• GMP eLearning options offer personnel, contractors and suppliers immediate online access to certificate GMP courses.
  • These GMP courses can help you meet training target dates for new and existing employees (and fill your training gap); particularly in relation to accepted industry standards such as GMP codes from PIC/S, ISPE, ICH, and other publishers.
  • They are also handy to help employees understand regulatory updates, such as recent changes to Annex 1 for sterile manufacturing, or new supply chain responsibilities to prevent falsified medicines from entering supply chains.

Other GMP Education Program resources may need customisation, in terms of the company, the product, the manufacturing process, and job role responsibilities.

Remember to keep your custom training resources up to date.

Other GMP industry resources include small group GMP and validation workshops/GMP webinars by external parties (onsite or via Zoom), Certificate GMP eLearning courses, and mentoring of personnel by company leaders and/or external GMP consultants.

Support from GMP Industry Experts


GMP Consultants & Industry Experts

Expert GMP consultants can be particularly useful when personnel are promoted into a role with more regulatory compliance responsibilities; and/or when struggling to plan and implement an important process change, like serialisation labelling.

Expert GMP consultants and GMP-trained contractors can be engaged to support specific projects; e.g., cleanroom design, HVAC & water system upgrades, regulatory compliance training, QMS and SOP documentation updates, validation activities, risk assessments, and root cause investigations during CAPAs.

SUMMARY: Benefits of GMP Education Programs

Benefits of well-maintained GMP Education Programs, including ongoing training and professional development, include the following:

  • Protection of patients in terms of ensuring product quality, safety and efficacy.
  • Operational efficiencies and cost savings over time
  • Ensuring manufacturing and batch traceability records are accurate
  • Ensuring data integrity is maintained across the organisation and product lifecycle
  • Minimising human errors and non-conformances/manufacturing deviations
  • Reducing risks of receiving an audit citation during a GMP compliance inspection

Additionally, repetition in learning improves retention of GMP knowledge and enhances GMP compliance proficiency.

Proficiency and knowledge retention are two particularly important concepts in a GMP environment, where the stakes are high, and mistakes are costly and/or deadly.


GMP Training Gaps & Audit Citations

Regulators including the TGA, FDA and other Authorities pay close attention to a company’s GMP training programs. Inspectors nearly always request personnel training records during an Audit. That’s because they recognise that training gaps lead to GMP compliance breaches, and breaches increase risks to patient safety and supply chain stability.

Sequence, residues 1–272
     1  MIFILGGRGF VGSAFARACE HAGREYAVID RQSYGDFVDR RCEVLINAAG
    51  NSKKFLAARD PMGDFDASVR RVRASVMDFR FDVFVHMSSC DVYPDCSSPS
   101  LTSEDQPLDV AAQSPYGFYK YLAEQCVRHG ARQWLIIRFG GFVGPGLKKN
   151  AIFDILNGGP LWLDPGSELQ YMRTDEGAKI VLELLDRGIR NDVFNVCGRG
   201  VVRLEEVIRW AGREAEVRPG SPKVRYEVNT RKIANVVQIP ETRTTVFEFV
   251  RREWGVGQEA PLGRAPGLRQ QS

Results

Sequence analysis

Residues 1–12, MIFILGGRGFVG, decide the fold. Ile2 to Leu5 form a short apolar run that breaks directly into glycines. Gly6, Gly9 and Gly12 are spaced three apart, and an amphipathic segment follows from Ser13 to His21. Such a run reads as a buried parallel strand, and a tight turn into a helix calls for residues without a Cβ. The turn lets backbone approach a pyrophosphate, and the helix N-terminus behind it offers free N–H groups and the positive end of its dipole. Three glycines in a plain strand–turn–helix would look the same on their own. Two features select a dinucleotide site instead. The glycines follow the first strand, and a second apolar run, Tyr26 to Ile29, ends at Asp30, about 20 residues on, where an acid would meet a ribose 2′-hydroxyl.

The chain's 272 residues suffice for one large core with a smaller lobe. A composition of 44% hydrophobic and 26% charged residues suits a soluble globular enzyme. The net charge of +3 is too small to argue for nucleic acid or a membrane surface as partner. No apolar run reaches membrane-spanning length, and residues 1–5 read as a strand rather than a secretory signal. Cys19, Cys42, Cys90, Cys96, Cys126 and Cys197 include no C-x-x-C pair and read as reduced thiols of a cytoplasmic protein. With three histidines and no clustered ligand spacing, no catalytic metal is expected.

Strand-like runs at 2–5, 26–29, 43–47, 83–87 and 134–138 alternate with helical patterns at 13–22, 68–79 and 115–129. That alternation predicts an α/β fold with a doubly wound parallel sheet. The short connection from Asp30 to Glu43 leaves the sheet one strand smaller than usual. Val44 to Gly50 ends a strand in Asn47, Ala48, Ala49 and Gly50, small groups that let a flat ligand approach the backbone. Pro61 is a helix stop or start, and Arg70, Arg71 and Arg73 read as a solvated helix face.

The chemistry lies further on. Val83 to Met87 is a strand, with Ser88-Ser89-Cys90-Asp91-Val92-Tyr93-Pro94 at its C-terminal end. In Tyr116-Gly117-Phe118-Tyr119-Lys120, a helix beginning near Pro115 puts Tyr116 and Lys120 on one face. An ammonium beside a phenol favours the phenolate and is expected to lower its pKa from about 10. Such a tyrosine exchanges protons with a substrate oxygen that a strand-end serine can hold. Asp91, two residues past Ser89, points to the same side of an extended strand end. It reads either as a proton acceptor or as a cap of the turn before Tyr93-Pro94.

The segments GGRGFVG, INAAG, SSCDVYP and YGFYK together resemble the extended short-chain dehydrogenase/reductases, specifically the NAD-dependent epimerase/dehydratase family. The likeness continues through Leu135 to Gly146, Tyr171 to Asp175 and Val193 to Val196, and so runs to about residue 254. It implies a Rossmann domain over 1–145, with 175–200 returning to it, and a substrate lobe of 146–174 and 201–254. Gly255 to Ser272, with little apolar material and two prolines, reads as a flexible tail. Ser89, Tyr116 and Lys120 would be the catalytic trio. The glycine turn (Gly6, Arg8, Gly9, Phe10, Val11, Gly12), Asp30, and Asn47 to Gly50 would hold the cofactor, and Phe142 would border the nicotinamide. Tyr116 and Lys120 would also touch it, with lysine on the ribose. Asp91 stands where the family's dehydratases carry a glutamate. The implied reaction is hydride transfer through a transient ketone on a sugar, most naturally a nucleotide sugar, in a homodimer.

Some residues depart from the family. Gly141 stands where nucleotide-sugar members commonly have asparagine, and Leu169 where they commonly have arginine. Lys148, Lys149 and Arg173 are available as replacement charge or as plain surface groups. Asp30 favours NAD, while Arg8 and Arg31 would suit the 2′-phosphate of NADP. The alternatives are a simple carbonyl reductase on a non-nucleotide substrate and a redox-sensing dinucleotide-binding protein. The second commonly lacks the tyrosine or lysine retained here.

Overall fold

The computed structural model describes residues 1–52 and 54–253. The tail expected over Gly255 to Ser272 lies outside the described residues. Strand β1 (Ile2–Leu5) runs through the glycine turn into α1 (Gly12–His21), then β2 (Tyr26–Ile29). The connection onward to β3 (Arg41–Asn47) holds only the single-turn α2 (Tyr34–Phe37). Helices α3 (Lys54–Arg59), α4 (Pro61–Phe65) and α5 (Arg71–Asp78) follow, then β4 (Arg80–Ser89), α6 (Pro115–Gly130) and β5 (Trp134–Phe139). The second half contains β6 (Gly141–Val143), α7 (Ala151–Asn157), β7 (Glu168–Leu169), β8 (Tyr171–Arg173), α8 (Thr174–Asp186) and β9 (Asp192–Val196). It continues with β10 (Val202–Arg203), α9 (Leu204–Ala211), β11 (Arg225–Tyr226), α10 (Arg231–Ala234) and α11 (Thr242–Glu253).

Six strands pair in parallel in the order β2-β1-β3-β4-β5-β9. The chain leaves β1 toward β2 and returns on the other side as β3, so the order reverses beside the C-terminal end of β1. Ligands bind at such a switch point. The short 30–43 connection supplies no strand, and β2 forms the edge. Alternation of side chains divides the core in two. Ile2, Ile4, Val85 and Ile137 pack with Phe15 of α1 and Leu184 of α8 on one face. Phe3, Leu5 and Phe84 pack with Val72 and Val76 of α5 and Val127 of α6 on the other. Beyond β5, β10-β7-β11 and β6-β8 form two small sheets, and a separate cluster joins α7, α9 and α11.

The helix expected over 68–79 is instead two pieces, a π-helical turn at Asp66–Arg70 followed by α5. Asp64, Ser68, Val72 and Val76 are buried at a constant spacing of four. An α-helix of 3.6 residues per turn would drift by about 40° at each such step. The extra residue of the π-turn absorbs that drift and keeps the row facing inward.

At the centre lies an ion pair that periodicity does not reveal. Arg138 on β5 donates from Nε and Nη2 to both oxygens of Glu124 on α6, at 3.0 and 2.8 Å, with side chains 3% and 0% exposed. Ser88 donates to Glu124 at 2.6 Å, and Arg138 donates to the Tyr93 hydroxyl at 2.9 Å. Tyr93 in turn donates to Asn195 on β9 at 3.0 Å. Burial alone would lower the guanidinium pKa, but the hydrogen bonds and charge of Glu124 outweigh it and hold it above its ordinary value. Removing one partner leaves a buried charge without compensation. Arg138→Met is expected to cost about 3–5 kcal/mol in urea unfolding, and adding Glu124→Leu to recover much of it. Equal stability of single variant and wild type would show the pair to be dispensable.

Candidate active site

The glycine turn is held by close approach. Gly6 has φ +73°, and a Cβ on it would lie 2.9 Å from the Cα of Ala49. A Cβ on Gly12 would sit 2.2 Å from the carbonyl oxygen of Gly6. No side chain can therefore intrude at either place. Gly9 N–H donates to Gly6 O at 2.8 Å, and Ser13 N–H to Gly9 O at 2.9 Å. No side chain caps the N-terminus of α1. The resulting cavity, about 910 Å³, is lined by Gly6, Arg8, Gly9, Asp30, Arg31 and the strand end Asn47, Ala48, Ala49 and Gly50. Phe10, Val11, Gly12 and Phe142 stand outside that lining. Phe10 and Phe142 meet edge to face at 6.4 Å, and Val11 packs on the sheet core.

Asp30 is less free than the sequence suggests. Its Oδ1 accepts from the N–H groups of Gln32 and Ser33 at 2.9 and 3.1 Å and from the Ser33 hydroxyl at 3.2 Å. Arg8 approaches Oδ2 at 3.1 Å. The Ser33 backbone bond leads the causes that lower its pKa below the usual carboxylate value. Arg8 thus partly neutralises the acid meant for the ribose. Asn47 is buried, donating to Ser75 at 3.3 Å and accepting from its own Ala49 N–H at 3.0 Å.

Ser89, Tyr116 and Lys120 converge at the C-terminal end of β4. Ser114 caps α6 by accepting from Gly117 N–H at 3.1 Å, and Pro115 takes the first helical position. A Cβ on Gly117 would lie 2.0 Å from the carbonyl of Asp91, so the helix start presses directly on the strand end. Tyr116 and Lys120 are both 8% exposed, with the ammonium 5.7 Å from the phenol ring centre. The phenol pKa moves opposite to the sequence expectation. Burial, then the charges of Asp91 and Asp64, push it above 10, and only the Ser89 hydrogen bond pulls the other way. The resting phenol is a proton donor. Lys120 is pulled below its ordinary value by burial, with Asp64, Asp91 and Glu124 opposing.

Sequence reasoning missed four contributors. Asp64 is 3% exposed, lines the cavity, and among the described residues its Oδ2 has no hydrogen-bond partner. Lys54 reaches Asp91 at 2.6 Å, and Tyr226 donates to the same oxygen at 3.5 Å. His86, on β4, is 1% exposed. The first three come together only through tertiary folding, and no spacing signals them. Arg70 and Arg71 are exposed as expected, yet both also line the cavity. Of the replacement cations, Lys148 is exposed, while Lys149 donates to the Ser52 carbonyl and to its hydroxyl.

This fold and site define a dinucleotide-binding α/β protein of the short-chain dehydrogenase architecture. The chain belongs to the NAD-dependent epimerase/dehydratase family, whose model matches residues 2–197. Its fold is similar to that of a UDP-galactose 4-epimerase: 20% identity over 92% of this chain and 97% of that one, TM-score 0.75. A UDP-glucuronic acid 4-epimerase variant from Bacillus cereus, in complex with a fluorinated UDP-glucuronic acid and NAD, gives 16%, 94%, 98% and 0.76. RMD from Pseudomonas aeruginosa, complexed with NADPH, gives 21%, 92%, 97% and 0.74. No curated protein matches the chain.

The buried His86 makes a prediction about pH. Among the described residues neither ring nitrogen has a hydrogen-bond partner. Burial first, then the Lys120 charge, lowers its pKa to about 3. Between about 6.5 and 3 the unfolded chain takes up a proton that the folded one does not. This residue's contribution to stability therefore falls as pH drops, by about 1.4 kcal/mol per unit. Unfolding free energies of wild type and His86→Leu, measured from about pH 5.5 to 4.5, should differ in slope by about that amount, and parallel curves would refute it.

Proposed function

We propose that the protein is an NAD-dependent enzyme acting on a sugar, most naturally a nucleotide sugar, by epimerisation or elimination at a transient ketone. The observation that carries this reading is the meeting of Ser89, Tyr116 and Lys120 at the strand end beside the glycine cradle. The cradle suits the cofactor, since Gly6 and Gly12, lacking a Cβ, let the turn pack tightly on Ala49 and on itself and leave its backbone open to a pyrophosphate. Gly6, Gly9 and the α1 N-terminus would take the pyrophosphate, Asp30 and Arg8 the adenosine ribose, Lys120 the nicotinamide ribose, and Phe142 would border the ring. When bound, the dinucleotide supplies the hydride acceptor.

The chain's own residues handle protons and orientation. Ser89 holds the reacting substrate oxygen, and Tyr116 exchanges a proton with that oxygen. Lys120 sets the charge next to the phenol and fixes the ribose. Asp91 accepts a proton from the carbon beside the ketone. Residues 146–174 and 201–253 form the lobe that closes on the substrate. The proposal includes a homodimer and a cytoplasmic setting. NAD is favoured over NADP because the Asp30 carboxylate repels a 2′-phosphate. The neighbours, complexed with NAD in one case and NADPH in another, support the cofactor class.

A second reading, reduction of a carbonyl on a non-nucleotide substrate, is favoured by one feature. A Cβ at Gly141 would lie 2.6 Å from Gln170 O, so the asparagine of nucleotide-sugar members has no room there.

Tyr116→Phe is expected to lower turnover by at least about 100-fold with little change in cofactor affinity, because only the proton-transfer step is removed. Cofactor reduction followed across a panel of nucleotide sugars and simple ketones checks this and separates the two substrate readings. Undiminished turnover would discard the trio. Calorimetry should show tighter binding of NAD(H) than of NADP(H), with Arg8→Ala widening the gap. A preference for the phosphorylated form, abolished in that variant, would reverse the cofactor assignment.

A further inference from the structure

GMP training program gaps are regularly cited in audits by the FDA.

Read more about the top 10 FDA citation trends and GMP training gaps.

GMP Training: Supply Chains and Recall Prevention

Regulators also recognise that robust GMP Education Programs are required to reduce pharmaceutical product recalls and prevent falsified products/counterfeit medicines from entering medical supply chains.

Take-Away Messages

It’s important to ensure personnel have the required qualifications, training and experience to perform their roles. GMP Education Programs are considered crucial to establishing an effective PQS and ensuring personnel competency and regulatory compliance.

Learning is a never-ending process. Ongoing (repeated) GMP training, effectiveness reviews and continual improvements are GMP requirements. It’s also a complex and dynamic experience, aided by blending delivery methods, repetition in learning, and professional development opportunities.

  • Training records must be kept up-to-date and readily available to Inspectors/Auditors
  • The organisational structure needs to be documented and kept up-to-date
  • Personnel responsibilities must be clearly defined in writing
  • Training schedules should be prioritised
  • Blended-learning experiences include multi-media GMP eLearning, onsite courses, offsite workshops or webinars, and mentoring by company gurus and external GMP consultants
  • Self-paced GMP eLearning courses offer regulatory compliance knowledge reinforcement; and are an affordable and convenient resource for your GMP Education Programs/Training designs
  • Once an employee attains appropriate training and adequate on-the-job experience, there are efficiency and consistency gains for the company
    • It can also take 1.5 to 2 years for new employees to become proficient in their roles, so training and professional development are key features to improve competency and personnel retention
    • Professional development opportunities should be offered
  • Mentoring by experienced personnel and/or expert GMP consultants should be offered where appropriate, including for new personnel and role promotions

Further reading

10 Key Steps For Managing A GMP Compliance Training Program

Last updated on September 25th, 2023 at 08:03 am